Not just the cute and cuddly ones. Here are some of the best Australian wildlife encounters!

For someone who’s watched the entire TV series of ‘The Crocodile Hunter’ and ‘Bondi Vet’, I’ve always been intrigued by the animals of Australia. And my fascination with Australian wildlife went beyond flesh-eating crocodiles and small furry critters I saw on my TV screen. I wanted to have a true Australian wildlife encounter.

Symbio Wildlife park kangaroos - Bucket List Things to do in NSW

So I’ve compiled a list of top animal experiences in every state and territory of Australia. It’s not just koalas and kangaroos, but tons of epic Australian wildlife encounters! Combined with good food and gorgeous expansive landscapes, and it’s no wonder Australia is a dream destination for many travellers.

Unleash your inner explorer with these eight epic Australian wildlife encounters:

1) Kangaroo Island, South Australia: Get close to wild sea lions on a beach

Sea lions on Seal Bay of Kangaroo Island - Australia Wildlife

Photo credit: Tourism Australia

Kangaroo Island, one of Australia’s best-kept secrets, is just a 45-min ferry ride away from Cape Jervis of South Australia. Animals roam wild on the island, free of cages and enclosures.

Apart from kangaroos (obviously), Kangaroo Island is also home to one of the largest colonies of Australian sea lions, which can be found at Seal Bay. It is also one of the only places in the world where you can take a guided walk amongst the wild sea lions on the beach. Choose between a self-guided boardwalk tour or a guided 45-min guided beach tour to see the sea lions up close.

Sea Lions on Seal Bay of Kangaroo Island - Australia Wildlife_

Photo credit: Tourism Australia

Besides sea lions, there’s also a high chance you’ll encounter some Kangaroo Island kangaroos — a separate species from kangaroos on mainland Australia, tammar wallabies, short-beaked echidnas, and koalas.

Wild Kangaroos on Kangaroo Island - Places to Visit in South Australia

Photo credit: @promotemytown via Instagram

Kangaroo Island’s isolation is one reason for its thriving wildlife. This wildlife paradise, however, isn’t as inaccessible as you’d think! In fact, one of the best ways to visit Kangaroo Island is on a road trip from Adelaide.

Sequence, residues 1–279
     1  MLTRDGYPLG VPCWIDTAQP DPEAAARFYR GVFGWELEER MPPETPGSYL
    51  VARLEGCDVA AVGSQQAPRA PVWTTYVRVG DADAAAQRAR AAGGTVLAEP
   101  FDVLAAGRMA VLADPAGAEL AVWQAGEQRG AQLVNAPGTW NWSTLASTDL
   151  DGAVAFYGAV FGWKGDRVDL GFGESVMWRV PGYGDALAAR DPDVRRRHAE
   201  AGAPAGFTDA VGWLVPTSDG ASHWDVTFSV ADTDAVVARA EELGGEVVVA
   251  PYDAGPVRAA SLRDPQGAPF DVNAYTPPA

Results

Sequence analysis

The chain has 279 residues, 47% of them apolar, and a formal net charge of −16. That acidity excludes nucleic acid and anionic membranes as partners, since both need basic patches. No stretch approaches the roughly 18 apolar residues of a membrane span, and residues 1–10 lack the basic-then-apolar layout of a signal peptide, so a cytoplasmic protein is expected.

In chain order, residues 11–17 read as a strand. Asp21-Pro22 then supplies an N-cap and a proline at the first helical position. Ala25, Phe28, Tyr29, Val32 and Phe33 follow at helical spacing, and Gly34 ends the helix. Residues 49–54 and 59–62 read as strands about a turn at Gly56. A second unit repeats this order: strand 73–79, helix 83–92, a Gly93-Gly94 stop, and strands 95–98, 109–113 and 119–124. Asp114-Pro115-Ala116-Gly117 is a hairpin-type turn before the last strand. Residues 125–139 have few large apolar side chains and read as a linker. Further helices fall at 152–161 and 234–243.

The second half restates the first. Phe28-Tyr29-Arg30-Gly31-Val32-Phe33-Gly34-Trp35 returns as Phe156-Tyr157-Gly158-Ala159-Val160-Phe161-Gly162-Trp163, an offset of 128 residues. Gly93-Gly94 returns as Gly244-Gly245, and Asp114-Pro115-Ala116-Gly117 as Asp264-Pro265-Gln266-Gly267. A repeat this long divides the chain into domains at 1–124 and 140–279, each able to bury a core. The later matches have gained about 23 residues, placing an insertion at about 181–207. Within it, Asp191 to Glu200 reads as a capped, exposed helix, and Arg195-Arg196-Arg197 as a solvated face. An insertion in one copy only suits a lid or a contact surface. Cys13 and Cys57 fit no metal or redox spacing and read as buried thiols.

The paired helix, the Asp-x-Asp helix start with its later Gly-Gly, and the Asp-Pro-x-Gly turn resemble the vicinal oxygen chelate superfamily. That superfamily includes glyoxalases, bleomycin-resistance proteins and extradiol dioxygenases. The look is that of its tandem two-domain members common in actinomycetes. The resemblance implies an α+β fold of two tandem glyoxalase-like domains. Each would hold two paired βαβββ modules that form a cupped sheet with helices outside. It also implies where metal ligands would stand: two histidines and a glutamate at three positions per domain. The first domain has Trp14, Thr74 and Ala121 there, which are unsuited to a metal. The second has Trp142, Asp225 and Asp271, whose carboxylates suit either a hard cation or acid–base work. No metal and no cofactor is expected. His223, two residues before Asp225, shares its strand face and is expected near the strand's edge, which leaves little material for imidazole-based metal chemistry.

How to get to Kangaroo Island

South Australia road trip - Australia Wildlife

Photo credit: Tourism Australia

Starting your journey in Adelaide, South Australia, drive down to Cape Jervis, stopping by McLaren Vale town for some food, wine and art. A 45-min car ferry ride from Cape Jervis will bring you to Kangaroo Island’s Penneshaw. From there, head to Kingscote, the largest town on Kangaroo Island. Many travellers like to base themselves in Kingscote but there’re also accommodation options at Vivonne Bay.

Swimming at Vivonne Bay Beach, Kangaroo Island, SA - Australia Wildlife

Vivonne Bay. Photo credit: South Australian Tourism Commission

Vivonne Bay is a small coastal community, the perfect location for a short beach vacay. Barbecue as the sun sets or enjoy an exciting quad bike tour through the open grasslands of Kangaroo Island. If you’re lucky, you may even spot some wild native kangaroos and koalas. Spend a night at Vivonne Bay before heading to Seal Bay for an unforgettable time basking along the bay with sea lions.

2) Ningaloo Reef, Western Australia: Swim with Whale Sharks

Swimming with Whale sharks at Ningaloo Reef, Exmouth - Australia Wildlife

Photo credit: Tourism Australia

Ever dreamt of swimming with whale sharks? This thrilling Australian wildlife encounter is available at Ningaloo Reef on the charming west coast of Australia.

The colossal creatures swim near the reefs every year between April and July in search of food. But don’t worry about becoming lunch as these gentle giants only feed on plankton. Join a full-day whale shark tour to experience what it’s like to swim next to the majestic fish. Avoid touching the marine creatures you come across while swimming to prevent damage to their protective skin layer and scaring them off!

Ningaloo-Reef-Whale-Shark-whale-sharks-in-oslob-1

Ningaloo Reef is also the world’s largest fringing reef system, stretching 300km long. It is also Australia’s most accessible fringing reef, where you can simply walk into a vast garden of coral from the beach. From June to November, there are also sightings of humpback whales, manta rays, dolphins and sea turtles.

Swing by to Cape Range National Park to complete your Exmouth and Ningaloo trip admiring the splendid colours of mother nature with over 630 varieties of wildflowers.

How to get to Ningaloo Reef

Drone Shot of Car by Pink Lake Hutt Lagoon - Instagrammable Western Australia